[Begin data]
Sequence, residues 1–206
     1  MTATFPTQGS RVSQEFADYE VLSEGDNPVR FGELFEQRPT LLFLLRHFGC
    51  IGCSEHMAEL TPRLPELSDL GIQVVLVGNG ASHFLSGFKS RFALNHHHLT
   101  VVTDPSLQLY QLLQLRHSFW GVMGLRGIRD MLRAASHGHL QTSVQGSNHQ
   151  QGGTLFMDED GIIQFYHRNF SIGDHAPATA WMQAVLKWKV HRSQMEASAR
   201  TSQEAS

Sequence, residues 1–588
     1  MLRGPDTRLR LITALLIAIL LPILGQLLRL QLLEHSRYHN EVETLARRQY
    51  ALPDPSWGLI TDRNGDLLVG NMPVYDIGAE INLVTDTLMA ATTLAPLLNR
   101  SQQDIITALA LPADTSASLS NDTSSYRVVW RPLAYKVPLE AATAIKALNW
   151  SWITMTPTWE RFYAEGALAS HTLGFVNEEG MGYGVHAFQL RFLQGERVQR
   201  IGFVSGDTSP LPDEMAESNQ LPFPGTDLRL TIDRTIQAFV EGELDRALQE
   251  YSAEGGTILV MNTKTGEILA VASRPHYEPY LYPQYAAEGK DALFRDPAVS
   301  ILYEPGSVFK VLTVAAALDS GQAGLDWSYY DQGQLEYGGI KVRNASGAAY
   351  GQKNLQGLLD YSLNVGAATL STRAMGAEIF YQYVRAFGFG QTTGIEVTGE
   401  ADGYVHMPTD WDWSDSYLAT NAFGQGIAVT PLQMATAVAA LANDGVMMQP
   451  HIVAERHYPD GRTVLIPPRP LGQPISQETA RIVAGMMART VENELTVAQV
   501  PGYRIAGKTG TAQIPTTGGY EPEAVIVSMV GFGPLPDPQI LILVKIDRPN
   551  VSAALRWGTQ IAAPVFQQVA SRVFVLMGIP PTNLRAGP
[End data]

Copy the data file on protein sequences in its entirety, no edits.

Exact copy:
Sequence, residues 1–206
     1  MTATFPTQGS RVSQEFADYE VLSEGDNPVR FGELFEQRPT LLFLLRHFGC
    51  IGCSEHMAEL TPRLPELSDL GIQVVLVGNG ASHFLSGFKS RFALNHHHLT
   101  VVTDPSLQLY QLLQLRHSFW GVMGLRGIRD MLRAASHGHL QTSVQGSNHQ
   151  QGGTLFMDED GIIQFYHRNF SIGDHAPATA WMQAVLKWKV HRSQMEASAR
   201  TSQEAS

Sequence, residues 1–588
     1  MLRGPDTRLR LITALLIAIL LPILGQLLRL QLLEHSRYHN EVETLARRQY
    51  ALPDPSWGLI TDRNGDLLVG NMPVYDIGAE INLVTDTLMA ATTLAPLLNR
   101  SQQDIITALA LPADTSASLS NDTSSYRVVW RPLAYKVPLE AATAIKALNW
   151  SWITMTPTWE RFYAEGALAS HTLGFVNEEG MGYGVHAFQL RFLQGERVQR
   201  IGFVSGDTSP LPDEMAESNQ LPFPGTDLRL TIDRTIQAFV EGELDRALQE
   251  YSAEGGTILV MNTKTGEILA VASRPHYEPY LYPQYAAEGK DALFRDPAVS
   301  ILYEPGSVFK VLTVAAALDS GQAGLDWSYY DQGQLEYGGI KVRNASGAAY
   351  GQKNLQGLLD YSLNVGAATL STRAMGAEIF YQYVRAFGFG QTTGIEVTGE
   401  ADGYVHMPTD WDWSDSYLAT NAFGQGIAVT PLQMATAVAA LANDGVMMQP
   451  HIVAERHYPD GRTVLIPPRP LGQPISQETA RIVAGMMART VENELTVAQV
   501  PGYRIAGKTG TAQIPTTGGY EPEAVIVSMV GFGPLPDPQI LILVKIDRPN
   551  VSAALRWGTQ IAAPVFQQVA SRVFVLMGIP PTNLRAGP